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Japan has reported weaker-than-expected economic data, underlining the challenges the government faces as it tries to revive the country’s economy.

Industrial output fell 3.3% in June, from the previous month. Compared with the same month a year ago it fell 4.8%.

Meanwhile, household spending declined 0.4% from a year earlier. Analysts had expected growth of 1.0%.

Japan has been trying to boost domestic consumption in an attempt to revive its stagnant economy.

Analysts said that while the data was weak and highlighted the challenges faced by the government, it was not a cause for immediate concern.

“This is a minor blip, the overall trend is that of a recovery in Japan’s economy,” said Masaaki Kanno, Japan chief economist with JP Morgan Securities.

Japan has reported weaker-than-expected economic data, underlining the challenges the government faces as it tries to revive the country's economy

Japan has reported weaker-than-expected economic data, underlining the challenges the government faces as it tries to revive the country’s economy

PM Shinzo Abe’s government has unveiled a series of aggressive measures to boost domestic demand, which has been hurt in part by years of falling prices or deflation.

While falling consumer prices may sound good, they tend to hurt the economy as consumers and businesses put off big purchases in the hope of getting a better deal later on.

Policymakers and analysts have said that ending the deflationary cycle is the key to reviving Japan’s economy.

Earlier this year, the central bank doubled its inflation target to 2% in an attempt to boost consumer prices and spending.

There have been some indications that the steps are having an impact as data released last week showed that consumer prices rose in June, for the first time in more than a year.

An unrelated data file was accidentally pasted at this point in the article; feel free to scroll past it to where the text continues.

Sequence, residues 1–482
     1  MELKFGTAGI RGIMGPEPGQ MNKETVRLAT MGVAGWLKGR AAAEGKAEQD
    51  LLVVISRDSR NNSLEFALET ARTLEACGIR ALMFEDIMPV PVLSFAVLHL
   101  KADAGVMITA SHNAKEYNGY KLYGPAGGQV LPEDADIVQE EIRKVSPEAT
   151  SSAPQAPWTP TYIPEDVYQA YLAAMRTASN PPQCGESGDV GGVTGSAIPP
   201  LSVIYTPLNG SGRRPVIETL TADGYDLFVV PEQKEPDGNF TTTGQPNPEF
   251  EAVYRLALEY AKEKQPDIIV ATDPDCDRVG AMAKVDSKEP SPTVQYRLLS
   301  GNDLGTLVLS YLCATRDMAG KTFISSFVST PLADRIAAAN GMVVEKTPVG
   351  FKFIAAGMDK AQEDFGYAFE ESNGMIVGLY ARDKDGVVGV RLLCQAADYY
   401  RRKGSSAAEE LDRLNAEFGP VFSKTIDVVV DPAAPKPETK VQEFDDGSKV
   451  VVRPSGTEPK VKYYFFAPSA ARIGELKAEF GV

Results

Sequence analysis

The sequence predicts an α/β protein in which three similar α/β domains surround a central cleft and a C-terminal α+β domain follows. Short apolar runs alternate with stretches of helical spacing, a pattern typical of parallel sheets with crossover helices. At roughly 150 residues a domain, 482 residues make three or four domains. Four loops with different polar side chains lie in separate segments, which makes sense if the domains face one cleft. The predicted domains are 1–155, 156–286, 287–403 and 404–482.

The decline in Japan’s factory output was also bigger than forecast.

However, analysts said that the fall was likely to be temporary and predicted that production would jump in the coming months,

“Although June data for factory output was weak, manufacturers’ forecasts for July are strong,” said Yoshiki Shinke, chief economist at Dai-Ichi Life Research Institute.

“I think there is no change in the trend that production is expected to stay on a steady recovery as June trade data was good, benefits from the yen’s weakness are appearing and domestic demand is solid.”

According to a survey conducted by Japan’s Ministry of Economy, Trade, and Industry (METI), manufacturers expect production to rise by 6.5% in July.

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Japan’s economy contracted in the third quarter of 2012, as a global economic slowdown and anti-Japan protests in China hurt its exports, while domestic consumption remained subdued.

Japan’s gross domestic product (GDP) contracted 3.5% from a year earlier.

Compared with the previous three months, the economy contracted 0.9%.

The weak data is likely to put pressure on the government to boost stimulus measures to spur growth.

“There are risks from both domestic and external factors,” said Tatsushi Shikano, senior economist at Mitsubishi UFJ Morgan Stanley Securities in Tokyo.

“As such, the Bank of Japan [BOJ] will stand ready to ease monetary policy again, and it would not surprise me if the BOJ eased again by the end of this year.”

Japan’s economy, the world’s third-largest, has been trying to recover from last year’s earthquake and tsunami, which caused widespread destruction in the country.

However, its recovery has been hampered by a combination of factors.

A slowdown in key markets, such as the US and eurozone has hurt demand for its exports, one of the biggest drivers of Japanese growth.